— Heather Cam, The Sydney Morning Herald
“Andrew Lansdown has established a clear reputation as an imagist of high order in Australia. …
“Many of the poems are short, operate by comparisons, by metaphor especially, and have the property of startling the reader into shifts of perception and deep emotion.”
— Philip Salom, The West Australian
“Consider this one on page seventy-nine [of Fontanelle]:
The day after I cut it
I notice the white rose
in the pottery vase
on my desk start to wilt.
All day it has been
drooping lower and lower,
until now its small head
is hanging upside down,
against the shoulder
of the vase, as if given
entirely to sorrow.
[© Andrew Lansdown]
“There is a gentle perfection and high degree of restraint in this poem. It asks us to slow down and listen and we do so because the voice we hear has authority. To me this poem exemplifies Lansdown at his best. Simple words and short sentences. Effortless similes that add up to a mood with which one can easily identify.”
— Mark Mahemoff, JAS Review of Books
“Filled with joy but always aware of an underlying darkness, there is nothing complacent in Lansdown’s vision.”
— John Foulcher, Studio
“No Australian poet is so often moved to celebrate as Andrew Lansdown is. His work brims with tenderness, wonder and joy, all qualities which are in short supply in the modern world of which he is an acute observer. Beneath his gaze common objects and every-day encounters glow with spiritual significance. Lansdown has few superiors as a technician …”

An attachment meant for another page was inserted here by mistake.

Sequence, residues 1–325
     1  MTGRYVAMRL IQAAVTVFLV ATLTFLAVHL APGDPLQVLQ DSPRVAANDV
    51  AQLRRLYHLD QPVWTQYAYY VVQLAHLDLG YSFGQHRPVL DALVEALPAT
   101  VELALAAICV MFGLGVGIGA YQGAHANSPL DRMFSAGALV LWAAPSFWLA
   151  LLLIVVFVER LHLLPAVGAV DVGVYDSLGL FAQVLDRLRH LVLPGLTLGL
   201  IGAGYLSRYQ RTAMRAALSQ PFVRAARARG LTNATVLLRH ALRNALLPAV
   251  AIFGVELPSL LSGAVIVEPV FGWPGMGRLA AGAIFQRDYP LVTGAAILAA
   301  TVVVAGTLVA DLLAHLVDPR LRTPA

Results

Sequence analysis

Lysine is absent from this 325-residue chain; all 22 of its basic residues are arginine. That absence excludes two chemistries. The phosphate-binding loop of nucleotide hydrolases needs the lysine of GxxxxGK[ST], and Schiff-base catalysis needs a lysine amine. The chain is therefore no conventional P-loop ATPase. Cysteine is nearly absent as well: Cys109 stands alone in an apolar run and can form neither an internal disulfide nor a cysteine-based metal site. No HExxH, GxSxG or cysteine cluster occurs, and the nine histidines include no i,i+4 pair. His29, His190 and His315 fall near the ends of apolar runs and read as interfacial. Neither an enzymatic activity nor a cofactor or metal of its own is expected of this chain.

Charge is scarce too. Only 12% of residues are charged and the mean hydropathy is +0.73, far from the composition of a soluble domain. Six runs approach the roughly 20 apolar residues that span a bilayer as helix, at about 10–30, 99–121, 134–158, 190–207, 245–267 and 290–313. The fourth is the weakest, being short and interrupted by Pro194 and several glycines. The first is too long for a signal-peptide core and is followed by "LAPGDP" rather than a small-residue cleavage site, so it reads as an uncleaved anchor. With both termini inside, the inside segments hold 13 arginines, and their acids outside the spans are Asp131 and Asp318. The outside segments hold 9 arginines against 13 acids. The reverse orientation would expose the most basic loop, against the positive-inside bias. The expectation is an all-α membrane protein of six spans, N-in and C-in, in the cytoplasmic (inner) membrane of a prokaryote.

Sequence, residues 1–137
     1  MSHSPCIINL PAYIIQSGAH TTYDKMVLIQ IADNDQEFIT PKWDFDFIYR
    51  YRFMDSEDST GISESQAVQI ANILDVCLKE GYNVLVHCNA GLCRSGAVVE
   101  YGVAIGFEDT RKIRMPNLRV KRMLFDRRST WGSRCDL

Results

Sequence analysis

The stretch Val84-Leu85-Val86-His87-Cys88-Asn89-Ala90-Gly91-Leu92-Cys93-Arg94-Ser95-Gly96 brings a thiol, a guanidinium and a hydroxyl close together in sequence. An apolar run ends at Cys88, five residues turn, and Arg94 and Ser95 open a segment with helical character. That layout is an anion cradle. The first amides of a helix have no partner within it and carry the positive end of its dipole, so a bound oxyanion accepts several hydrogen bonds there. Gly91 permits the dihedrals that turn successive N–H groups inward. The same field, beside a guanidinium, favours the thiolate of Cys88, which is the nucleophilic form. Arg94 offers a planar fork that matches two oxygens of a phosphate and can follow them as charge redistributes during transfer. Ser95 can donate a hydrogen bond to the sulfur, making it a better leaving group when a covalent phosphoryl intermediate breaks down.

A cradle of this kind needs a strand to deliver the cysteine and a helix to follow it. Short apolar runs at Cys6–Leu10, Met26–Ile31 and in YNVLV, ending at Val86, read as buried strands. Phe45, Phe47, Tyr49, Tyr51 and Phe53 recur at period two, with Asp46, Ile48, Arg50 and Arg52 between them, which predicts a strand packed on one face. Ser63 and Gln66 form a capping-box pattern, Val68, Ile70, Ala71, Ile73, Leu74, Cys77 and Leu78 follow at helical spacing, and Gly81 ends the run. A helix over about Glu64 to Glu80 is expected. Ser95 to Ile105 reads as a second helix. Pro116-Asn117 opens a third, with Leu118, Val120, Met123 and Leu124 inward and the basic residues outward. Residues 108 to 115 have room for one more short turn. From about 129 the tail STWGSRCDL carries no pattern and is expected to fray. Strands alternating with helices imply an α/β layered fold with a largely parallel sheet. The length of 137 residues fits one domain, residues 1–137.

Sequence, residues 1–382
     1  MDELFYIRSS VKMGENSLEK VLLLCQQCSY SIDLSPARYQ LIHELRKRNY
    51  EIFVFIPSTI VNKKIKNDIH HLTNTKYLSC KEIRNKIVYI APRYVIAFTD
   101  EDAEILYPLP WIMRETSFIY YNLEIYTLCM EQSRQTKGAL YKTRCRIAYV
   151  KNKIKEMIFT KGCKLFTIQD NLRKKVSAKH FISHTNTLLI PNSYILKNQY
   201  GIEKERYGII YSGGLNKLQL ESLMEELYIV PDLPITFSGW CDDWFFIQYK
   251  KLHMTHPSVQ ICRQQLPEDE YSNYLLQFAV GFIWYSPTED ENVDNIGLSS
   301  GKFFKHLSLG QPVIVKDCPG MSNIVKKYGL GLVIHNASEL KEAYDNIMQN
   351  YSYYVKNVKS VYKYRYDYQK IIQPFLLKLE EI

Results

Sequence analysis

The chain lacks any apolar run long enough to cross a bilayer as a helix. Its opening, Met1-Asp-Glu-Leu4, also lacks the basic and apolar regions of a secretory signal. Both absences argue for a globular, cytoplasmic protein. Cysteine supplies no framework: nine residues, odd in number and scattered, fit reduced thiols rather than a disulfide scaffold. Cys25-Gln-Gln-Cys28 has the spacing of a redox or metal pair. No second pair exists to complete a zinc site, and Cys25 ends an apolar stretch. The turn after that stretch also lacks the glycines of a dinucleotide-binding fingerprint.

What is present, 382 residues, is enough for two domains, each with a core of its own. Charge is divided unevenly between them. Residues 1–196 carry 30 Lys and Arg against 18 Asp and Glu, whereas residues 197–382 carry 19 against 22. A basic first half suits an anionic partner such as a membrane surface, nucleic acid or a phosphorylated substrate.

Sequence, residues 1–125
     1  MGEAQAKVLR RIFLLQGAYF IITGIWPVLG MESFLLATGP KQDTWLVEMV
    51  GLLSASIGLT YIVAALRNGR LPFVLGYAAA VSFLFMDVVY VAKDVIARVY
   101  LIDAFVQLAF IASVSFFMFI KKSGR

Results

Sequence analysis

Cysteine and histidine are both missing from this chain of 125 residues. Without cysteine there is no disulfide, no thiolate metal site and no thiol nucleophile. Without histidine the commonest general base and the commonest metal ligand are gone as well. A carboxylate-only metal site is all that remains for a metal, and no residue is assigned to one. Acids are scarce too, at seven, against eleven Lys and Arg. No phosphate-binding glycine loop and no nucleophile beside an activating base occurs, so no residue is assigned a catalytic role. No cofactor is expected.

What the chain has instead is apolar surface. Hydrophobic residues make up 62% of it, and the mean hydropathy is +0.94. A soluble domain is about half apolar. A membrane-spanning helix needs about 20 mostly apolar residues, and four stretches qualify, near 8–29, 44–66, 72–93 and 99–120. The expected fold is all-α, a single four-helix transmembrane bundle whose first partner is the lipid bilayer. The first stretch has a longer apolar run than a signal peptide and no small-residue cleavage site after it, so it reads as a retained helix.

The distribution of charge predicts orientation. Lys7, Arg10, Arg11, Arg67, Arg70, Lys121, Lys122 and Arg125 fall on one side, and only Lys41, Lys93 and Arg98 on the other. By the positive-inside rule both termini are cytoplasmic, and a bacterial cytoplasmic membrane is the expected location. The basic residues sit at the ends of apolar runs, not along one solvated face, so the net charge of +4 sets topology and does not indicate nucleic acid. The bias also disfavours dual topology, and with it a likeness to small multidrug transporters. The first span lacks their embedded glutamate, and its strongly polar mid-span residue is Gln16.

— Les Murray, back cover blurb, Between Glances
The Oxford Companion to
Twentieth-century Poetry in English
edited by Ian Hamilton
Publisher: Oxford University Press, USA (1994), 624 pp
LANSDOWN, Andrew (1954— ), was born in Pingelly, a small town south-east of Perth in Western Australia. He gained arts degrees from both the Western Australian Institute of Technology and the Murdoch University before becoming for a time a tutor in creative writing at the former institution, which later was renamed the Curtin University. Since then he has worked as an education officer in various prisons in Western Australia, a grim occupation which has done surprisingly little to affect his work.
Few Australian poets have been so prolific and consistent. At 37 he has already published six collections of verse, with a seventh ready for publication. From his first book Homecoming (Fremantle, 1979) he has adopted a Christian stance and, perhaps as a result, his work has been neglected and undervalued. A collection of poems for children, A Ball of Gold, was followed by Counterpoise (Sydney, 1982), Windfalls (Fremantle, 1984), Waking and Always (1987), The Grasshopper Heart (1991), and Horse with Lipstick (1992—all Sydney). Lansdown is a miniaturist, a poet attentive to the smallest details of nature, and to subtle domestic emotions. The effect of his work is cumulative, so that his poems can seem slight when considered separately; their style is precise and direct, and never ostentatious. Unusually for a poet of the late twentieth century, the mood in his poems is generally one of contentment or joy, causing fashion conscious readers to overlook his consistent technical excellence.